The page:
Hudson, Cahill, and Peninger all recall that Surbey provided them with a sense of empowerment and served as a mentor, advocate, and friend throughout the course of their careers. “He always saw that I was capable. He had so much faith in me,” says Hudson. “He made sure I knew I had a seat at the table.”

A Passion for Rollins 

Surbey can be credited for a number of major achievements during his time at Rollins, including: managing the construction projects for the Claudia Nance Rollins, Grace Crum Rollins, and R. Randall Rollins Buildings; developing several of the school’s programs, offices, processes, and policies; keeping the school in the black for 27 years; and leading, mentoring, and overseeing the school’s service units.

A trailblazer and a passionate advocate for the school’s staff, Surbey’s impact was certainly one that was notable in the programs, initiatives, and offices he launched, but it was also felt in smaller—and perhaps, more meaningful—ways. He remembered birthdays and personal milestones. He asked about people’s spouses, children, grandchildren, and hobbies. He gifted his staff with purses, massages, pedicures, and taco lunches. He was more than a boss or a colleague. For many, he was family.

“We saw each other’s kids grow up,” says Peninger. “When I first learned I was pregnant with both of my kids, Dean was one of the first people I told. I trusted him so much and with his background in early childhood education, he helped me select a daycare for my kids.” 

Hudson’s entire family knew and loved Surbey. “He was with me at my first graduation when I got my associate’s degree. I met his dad when I first started at Emory at a family dinner,” she recalls. “Later, he was my man of honor at my third wedding and helped me get ready on my wedding day.”

Cahill recalls a memorable afternoon where two of her favorite people—Surbey and her mother—finally got to meet during an outing to Treat Your Feet. “My mom felt good knowing I was working for someone like him. Someone who cared about me.”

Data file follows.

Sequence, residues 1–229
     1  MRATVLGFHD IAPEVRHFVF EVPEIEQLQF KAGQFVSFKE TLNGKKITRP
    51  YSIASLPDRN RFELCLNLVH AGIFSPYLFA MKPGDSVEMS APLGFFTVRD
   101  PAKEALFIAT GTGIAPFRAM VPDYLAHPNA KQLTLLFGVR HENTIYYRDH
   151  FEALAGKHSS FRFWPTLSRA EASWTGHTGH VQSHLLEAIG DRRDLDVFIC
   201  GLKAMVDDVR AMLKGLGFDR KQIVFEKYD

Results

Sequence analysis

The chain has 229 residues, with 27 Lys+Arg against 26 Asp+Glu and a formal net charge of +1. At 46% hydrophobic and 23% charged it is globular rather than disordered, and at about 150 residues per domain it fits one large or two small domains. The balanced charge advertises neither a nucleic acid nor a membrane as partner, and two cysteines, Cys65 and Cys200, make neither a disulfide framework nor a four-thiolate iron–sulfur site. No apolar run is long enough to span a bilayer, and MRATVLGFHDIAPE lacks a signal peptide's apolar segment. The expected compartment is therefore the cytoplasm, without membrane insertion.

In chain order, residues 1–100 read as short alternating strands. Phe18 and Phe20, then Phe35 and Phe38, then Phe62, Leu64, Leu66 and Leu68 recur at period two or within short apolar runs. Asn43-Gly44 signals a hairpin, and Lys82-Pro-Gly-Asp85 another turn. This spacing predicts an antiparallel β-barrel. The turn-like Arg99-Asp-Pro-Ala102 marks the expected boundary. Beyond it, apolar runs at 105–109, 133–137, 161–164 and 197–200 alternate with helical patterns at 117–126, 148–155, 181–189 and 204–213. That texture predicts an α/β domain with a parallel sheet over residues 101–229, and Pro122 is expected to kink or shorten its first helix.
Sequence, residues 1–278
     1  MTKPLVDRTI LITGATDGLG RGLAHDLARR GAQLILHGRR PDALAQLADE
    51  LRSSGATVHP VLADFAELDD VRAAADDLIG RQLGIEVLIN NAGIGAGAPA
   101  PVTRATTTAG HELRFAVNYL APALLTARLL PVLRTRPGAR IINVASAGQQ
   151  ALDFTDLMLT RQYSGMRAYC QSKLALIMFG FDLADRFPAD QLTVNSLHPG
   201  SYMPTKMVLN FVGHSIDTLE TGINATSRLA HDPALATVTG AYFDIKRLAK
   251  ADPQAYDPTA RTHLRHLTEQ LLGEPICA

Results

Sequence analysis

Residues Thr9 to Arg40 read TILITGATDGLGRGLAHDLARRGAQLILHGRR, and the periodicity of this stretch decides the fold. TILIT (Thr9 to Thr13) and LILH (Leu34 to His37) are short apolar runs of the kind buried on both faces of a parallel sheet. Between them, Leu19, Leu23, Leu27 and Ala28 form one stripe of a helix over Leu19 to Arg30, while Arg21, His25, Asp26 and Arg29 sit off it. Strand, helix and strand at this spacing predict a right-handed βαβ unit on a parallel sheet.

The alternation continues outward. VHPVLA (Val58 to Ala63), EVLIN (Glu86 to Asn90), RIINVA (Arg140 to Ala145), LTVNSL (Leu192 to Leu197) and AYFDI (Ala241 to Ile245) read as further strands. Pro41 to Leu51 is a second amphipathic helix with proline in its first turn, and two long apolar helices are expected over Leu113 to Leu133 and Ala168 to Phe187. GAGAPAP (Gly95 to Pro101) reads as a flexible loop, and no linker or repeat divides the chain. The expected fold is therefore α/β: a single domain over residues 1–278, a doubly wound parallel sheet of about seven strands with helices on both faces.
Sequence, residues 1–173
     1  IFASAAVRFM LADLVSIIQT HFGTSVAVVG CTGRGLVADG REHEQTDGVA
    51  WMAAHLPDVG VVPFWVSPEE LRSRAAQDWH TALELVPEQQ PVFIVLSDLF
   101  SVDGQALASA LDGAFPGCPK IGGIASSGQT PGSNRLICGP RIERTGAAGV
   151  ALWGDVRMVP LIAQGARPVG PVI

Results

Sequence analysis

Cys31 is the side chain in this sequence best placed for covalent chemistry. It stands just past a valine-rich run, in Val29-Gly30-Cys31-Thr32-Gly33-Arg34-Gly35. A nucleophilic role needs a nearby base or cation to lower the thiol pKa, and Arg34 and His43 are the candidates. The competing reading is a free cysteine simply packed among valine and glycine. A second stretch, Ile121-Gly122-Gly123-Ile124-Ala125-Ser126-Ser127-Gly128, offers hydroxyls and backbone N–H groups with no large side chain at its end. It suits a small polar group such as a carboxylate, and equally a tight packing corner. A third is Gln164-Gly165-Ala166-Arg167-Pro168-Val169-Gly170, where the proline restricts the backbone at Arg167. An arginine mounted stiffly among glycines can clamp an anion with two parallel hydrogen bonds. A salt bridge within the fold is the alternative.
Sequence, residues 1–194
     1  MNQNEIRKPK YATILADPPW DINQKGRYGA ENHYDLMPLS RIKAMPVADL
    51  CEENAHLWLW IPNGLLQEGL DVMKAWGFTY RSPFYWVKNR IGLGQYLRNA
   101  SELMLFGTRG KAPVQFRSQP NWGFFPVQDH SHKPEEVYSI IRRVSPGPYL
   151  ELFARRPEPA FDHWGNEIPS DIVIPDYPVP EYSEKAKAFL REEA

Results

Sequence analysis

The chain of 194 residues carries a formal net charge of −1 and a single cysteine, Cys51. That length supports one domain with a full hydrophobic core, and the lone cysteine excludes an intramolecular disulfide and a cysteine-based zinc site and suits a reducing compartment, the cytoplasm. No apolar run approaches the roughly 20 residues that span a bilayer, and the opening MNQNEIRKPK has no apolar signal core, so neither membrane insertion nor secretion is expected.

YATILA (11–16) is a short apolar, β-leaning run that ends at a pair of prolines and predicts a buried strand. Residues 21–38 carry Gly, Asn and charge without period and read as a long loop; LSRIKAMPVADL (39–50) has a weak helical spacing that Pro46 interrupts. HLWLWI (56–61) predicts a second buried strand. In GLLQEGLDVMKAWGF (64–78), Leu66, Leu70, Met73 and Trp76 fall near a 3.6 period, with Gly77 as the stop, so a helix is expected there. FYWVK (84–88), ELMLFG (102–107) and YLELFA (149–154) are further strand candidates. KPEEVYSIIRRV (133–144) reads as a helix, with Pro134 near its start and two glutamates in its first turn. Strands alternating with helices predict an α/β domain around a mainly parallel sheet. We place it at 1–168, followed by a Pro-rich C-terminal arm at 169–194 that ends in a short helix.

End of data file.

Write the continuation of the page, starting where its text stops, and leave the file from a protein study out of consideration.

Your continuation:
Work was a big part of Surbey’s life, but it was not the only way he derived meaning. An involved and invested father and grandfather, he recognized the struggle for achieving work-life balance in his coworkers and reports and facilitated teleworking options for several staff members whose roles were conducive to remote work several years before the COVID-19 pandemic hit. 

“He had a lot of foresight into helping people be flexible,” says Peninger. “I think that’s because both he and Marilyn were working parents who were very invested in their kids’ lives. They were room parents at their kids’ schools. He sewed all of his kids’ costumes over the years.  He knew what comes with juggling family and work life.”

A Love for Life 

Outside of work, Surbey loved shopping and fashion. Always impeccably dressed, Hudson notes that he owned about 100 pairs of glasses, and likely 1,000 watches. An avid traveler, Surbey had a deep fondness for people and enjoyed interacting with new cultures and foods. His favorite destinations were New York (where he could see Broadway plays), Venice, Greece, and Florida. He was planning to visit Alaska at the time of his death.

"Dean loved Rollins," says Hudson. "He wanted us to be excellent and to work in the spirit of excellence. He dreamed big for the school and when you walk around here, you see this really is the house that Dean built. I’m honored to be continuing his legacy.”